3. The follow-up process

The audience
Is it a list of target accounts with job titles? Did you use demographic/firmographic criteria to cast a wider net? Did you layer on any technographic data? What about intent data?

Make sure you have a good answer to all of the above questions. There are so many ways to tighten (and sometimes widen) your audience for any paid campaign.

The offer
Outside of the demo itself – what’s in it for your target audience? How creative and relevant is the offer? Are you using a gift to get them to agree to the meeting?

Using conversation ads to schedule (and hold) demos can be difficult if you don’t have a compelling reason for the person to show up.

Especially if it’s cold outreach and the person isn’t familiar with you, who your company is, and how your product can make their lives easier.

The follow-up process

This is the most important thing to look at here, by far.

Throwing money out of the window
Basically what happens when you spend $$ to generate demo requests and don’t have a solid follow-up process in place

After someone requests a demo from your conversation ad, what happens next? How quickly are they followed up with? How many attempts are made to get in contact with them? Over what time frame?

You can have the best conversation ads in the world, but without a solid follow-up process in place, you shouldn’t write this tactic off just yet.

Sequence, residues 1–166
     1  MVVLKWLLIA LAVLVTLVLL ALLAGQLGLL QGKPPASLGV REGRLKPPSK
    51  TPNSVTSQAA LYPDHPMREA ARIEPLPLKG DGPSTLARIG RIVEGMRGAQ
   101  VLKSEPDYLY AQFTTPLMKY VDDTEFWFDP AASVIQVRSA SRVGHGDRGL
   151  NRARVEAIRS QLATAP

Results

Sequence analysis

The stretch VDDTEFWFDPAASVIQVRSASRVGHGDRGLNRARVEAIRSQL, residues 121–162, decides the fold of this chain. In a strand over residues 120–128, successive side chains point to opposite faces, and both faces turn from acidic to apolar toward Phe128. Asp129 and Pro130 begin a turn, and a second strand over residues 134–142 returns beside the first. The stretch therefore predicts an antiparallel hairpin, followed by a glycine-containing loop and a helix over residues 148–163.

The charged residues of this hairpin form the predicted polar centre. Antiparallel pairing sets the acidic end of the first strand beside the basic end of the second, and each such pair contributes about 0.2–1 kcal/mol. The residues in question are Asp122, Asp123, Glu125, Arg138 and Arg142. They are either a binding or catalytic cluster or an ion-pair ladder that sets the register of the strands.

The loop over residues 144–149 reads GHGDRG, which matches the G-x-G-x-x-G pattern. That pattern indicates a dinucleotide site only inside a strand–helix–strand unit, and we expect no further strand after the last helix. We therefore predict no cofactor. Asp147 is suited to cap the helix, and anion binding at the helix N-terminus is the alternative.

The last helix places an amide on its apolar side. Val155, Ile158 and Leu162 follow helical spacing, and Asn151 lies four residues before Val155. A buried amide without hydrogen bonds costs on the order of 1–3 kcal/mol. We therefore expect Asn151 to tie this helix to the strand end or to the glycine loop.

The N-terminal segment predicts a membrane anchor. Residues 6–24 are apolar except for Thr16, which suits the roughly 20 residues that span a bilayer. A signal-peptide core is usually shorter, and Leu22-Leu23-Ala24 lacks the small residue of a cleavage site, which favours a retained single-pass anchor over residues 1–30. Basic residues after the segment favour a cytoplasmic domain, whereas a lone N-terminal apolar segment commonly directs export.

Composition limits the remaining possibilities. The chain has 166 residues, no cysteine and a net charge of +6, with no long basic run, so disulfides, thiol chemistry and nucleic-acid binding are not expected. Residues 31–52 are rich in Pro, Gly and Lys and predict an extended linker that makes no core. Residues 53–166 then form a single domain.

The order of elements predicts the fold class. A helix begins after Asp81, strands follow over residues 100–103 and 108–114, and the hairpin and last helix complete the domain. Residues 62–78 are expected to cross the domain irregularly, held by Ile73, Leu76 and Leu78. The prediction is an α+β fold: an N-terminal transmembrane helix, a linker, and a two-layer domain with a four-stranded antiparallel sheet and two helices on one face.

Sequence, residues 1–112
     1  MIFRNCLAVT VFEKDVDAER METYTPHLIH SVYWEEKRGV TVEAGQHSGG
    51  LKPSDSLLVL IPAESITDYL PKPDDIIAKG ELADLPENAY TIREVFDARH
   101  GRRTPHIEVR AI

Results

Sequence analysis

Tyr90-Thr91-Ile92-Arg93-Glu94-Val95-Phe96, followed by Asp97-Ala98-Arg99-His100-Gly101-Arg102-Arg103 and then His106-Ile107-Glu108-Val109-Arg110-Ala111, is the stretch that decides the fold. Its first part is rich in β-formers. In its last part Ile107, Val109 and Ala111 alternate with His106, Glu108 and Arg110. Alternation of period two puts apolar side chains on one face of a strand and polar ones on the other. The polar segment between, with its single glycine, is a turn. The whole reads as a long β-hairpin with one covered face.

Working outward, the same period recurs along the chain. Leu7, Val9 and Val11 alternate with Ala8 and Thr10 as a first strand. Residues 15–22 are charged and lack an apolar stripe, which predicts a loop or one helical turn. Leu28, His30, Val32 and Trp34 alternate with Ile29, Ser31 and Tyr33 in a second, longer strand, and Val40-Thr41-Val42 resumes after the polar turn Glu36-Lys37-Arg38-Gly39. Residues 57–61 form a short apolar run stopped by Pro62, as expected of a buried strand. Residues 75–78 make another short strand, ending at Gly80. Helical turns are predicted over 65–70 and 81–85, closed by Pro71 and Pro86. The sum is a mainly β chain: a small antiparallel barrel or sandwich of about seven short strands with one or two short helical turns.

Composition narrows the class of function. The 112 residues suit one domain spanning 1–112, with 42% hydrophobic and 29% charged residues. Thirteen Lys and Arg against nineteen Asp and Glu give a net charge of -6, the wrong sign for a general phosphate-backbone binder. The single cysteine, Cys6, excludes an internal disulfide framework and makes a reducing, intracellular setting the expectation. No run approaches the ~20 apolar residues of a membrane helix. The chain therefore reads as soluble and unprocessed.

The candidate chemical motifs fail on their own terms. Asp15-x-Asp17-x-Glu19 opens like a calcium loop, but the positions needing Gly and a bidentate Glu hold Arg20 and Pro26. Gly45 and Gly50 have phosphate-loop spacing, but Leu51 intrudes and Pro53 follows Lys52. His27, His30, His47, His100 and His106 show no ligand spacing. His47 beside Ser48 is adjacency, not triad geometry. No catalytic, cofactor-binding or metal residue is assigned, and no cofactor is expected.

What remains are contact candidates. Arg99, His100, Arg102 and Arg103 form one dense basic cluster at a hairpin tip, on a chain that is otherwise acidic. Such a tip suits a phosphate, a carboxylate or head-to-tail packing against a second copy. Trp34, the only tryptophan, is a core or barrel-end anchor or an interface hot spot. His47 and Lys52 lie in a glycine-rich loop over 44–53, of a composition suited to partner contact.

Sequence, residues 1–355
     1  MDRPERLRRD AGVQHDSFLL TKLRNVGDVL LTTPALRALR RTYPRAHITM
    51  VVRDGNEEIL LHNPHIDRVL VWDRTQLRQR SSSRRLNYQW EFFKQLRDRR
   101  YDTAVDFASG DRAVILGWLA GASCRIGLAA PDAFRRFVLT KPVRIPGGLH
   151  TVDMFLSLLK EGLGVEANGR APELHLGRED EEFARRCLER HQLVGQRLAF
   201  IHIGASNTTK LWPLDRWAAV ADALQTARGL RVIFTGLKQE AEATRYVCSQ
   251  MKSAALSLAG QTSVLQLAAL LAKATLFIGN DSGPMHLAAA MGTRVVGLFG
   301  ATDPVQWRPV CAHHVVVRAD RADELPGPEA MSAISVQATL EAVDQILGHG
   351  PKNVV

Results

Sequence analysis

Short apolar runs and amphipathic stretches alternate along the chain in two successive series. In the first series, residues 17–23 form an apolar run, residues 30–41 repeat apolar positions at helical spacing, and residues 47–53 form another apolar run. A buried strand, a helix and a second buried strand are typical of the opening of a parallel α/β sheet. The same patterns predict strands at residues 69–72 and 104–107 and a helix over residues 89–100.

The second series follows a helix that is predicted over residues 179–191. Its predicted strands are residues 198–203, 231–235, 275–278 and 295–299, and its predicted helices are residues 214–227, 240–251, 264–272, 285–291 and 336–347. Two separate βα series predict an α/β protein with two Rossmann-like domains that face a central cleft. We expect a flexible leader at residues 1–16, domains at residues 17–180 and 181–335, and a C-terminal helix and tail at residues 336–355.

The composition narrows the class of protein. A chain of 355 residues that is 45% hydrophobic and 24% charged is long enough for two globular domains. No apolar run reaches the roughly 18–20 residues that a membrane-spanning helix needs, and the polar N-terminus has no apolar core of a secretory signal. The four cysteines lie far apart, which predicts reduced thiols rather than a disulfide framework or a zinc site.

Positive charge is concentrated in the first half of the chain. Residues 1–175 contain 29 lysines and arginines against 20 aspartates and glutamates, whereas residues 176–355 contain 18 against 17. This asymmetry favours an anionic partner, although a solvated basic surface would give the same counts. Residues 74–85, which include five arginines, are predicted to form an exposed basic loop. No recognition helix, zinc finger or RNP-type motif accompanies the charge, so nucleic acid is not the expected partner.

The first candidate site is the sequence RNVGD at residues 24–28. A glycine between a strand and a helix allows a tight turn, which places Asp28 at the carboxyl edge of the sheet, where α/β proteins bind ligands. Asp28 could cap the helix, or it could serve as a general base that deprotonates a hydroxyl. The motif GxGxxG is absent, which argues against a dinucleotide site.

You also need to keep your Sales team involved every step of the way here, so they know who you’re targeting, how the conversation ad campaign works, and what they need to do when they see a new demo request come in.

Finally, the 600lb gorilla in the room could be a miss on product-market fit.

Any tips on connecting LinkedIn Lead Gen Forms to your marketing automation platform and content management system? We’ve been relying on manual exports and HATE IT.

Manual exports and being stuck on the .csv hamster wheel is the WORST. I feel your pain because I’ve lived it before.

The good news is there’s definitely a better and less painful way to do this.

For starters – we use Hubspot as our marketing automation platform and WordPress as our content management platform. We also use Salesforce as our CRM.

LinkedIn Lead Gen Forms integrate with Marketo, Pardot, Eloqua, plus a few others here.

From a data flow perspective – our conversions from LinkedIn Lead Gen Forms sync from LinkedIn to Hubspot, then from Hubspot to Salesforce with the bi-directional sync we have enabled.